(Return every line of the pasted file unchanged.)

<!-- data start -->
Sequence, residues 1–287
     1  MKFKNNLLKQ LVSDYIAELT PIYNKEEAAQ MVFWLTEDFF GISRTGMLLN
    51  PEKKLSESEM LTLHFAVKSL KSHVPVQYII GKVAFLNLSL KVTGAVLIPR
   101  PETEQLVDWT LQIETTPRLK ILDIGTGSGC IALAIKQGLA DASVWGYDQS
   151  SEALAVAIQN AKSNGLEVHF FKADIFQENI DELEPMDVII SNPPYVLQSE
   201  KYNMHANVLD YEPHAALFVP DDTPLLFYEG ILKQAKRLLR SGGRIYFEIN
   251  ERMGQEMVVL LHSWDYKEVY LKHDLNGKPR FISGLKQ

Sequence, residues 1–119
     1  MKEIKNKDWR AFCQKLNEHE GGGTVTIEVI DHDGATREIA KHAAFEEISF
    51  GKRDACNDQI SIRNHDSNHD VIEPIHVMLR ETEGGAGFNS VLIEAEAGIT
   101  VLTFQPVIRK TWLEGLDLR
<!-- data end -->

Sequence, residues 1–287
     1  MKFKNNLLKQ LVSDYIAELT PIYNKEEAAQ MVFWLTEDFF GISRTGMLLN
    51  PEKKLSESEM LTLHFAVKSL KSHVPVQYII GKVAFLNLSL KVTGAVLIPR
   101  PETEQLVDWT LQIETTPRLK ILDIGTGSGC IALAIKQGLA DASVWGYDQS
   151  SEALAVAIQN AKSNGLEVHF FKADIFQENI DELEPMDVII SNPPYVLQSE
   201  KYNMHANVLD YEPHAALFVP DDTPLLFYEG ILKQAKRLLR SGGRIYFEIN
   251  ERMGQEMVVL LHSWDYKEVY LKHDLNGKPR FISGLKQ

Sequence, residues 1–119
     1  MKEIKNKDWR AFCQKLNEHE GGGTVTIEVI DHDGATREIA KHAAFEEISF
    51  GKRDACNDQI SIRNHDSNHD VIEPIHVMLR ETEGGAGFNS VLIEAEAGIT
   101  VLTFQPVIRK TWLEGLDLR